Date of Award


Document Type


Degree Name

Master of Science (MS)


Wildlife and Fisheries Biology

Committee Chair/Advisor

Shari Rodriguez

Committee Member

Susan Loeb

Committee Member

William Bridges


High bat mortality from white-nose syndrome (WNS) has increased the need to manage hibernation sites. Management decisions should be based on science, and when sites are accessible to the public, also need to consider human dimensions. We used Stumphouse Tunnel, a recreation site and tricolored bat (Perimyotis subflavus) hibernaculum in northwestern South Carolina, as a case study to understand potential conflicts between conservation and recreation. The population declined by 90% after the arrival of white-nose syndrome (WNS), followed by stabilization and slight increases. Because the increase was associated with more bats roosting in the publicly accessible section, a potential conflict between bat conservation and recreational use exists. Our objectives were to understand microsite selection of hibernating tricolored bats throughout hibernation, particularly their use of the publicly accessible section, and understand knowledge of and attitudes toward bats and their management at Stumphouse Tunnel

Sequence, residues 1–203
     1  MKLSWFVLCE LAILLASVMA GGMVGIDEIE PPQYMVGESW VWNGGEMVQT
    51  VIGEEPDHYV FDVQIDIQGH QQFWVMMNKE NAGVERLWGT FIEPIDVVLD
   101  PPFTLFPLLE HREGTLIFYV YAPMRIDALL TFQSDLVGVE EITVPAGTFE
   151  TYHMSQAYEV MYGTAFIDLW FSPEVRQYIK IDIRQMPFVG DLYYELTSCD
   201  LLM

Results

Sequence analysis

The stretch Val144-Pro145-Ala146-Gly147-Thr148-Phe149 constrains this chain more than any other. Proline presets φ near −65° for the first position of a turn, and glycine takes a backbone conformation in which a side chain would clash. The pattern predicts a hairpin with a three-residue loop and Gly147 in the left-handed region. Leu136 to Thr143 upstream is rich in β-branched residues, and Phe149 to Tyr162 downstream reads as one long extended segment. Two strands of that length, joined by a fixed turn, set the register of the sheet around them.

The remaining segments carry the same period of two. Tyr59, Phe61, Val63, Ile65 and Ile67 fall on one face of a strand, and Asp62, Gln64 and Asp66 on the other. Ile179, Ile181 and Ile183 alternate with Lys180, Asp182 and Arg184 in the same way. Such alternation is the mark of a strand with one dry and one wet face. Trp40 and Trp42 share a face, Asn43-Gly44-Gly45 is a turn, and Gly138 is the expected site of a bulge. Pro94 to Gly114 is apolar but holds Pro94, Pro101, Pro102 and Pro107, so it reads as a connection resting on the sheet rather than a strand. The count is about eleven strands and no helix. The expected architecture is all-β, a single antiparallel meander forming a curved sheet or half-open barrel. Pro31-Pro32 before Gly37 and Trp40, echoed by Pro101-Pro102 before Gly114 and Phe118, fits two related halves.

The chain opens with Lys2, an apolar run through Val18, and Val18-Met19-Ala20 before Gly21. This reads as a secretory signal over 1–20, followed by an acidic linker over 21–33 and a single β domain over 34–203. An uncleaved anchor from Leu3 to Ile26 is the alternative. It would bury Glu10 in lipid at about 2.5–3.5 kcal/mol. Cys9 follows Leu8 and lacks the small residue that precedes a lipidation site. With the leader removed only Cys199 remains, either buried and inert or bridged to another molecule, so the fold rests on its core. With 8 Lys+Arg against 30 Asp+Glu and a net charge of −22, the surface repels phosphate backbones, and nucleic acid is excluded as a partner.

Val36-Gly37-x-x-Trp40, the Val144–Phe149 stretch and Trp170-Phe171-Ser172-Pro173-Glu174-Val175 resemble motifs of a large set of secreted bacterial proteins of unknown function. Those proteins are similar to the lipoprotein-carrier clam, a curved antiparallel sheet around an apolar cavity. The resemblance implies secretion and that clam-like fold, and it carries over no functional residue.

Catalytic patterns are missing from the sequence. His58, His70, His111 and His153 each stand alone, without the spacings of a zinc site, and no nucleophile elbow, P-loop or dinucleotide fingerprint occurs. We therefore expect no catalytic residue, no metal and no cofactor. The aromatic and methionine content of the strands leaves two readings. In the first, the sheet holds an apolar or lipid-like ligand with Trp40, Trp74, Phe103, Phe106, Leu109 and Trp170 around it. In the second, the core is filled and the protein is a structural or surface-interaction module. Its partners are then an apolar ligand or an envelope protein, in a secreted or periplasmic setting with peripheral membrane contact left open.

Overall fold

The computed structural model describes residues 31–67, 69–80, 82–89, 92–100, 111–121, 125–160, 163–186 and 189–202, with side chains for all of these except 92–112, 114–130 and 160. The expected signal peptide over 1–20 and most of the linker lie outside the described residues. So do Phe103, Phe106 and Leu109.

We conducted monthly censuses of bats in Stumphouse Tunnel over two hibernation seasons to determine whether bats’ use of the front tunnel section varied across months and how this related to roost microclimate. We found that while most bats roosted in the back of the tunnel, about 25% used the front section throughout hibernation, which was associated with colder roosting temperatures. Bats in the front section used higher roosting sites, which were slightly warmer and may provide protection from human disturbance and predation.

To understand the public’s knowledge and attitudes toward bats and support for bat management, we conducted surveys of visitors, local homeowners, and recreation groups. Respondents were somewhat knowledgeable about bats (67% correct), had positive attitudes toward them, and were slightly supportive of management options (4.8; 7-point scale). Awareness of WNS was low (34%) but associated with positive attitudes and greater management support. Thus, outreach and education about threats to bats could improve attitudes and support for bat management.

We found that potential conflict between bat conservation and recreational use occurred throughout hibernation. To better protect bats at the site, managers could use active and passive methods to inform visitors about bats and WNS, require visitors keep their voices down, and ban dogs in the tunnel.



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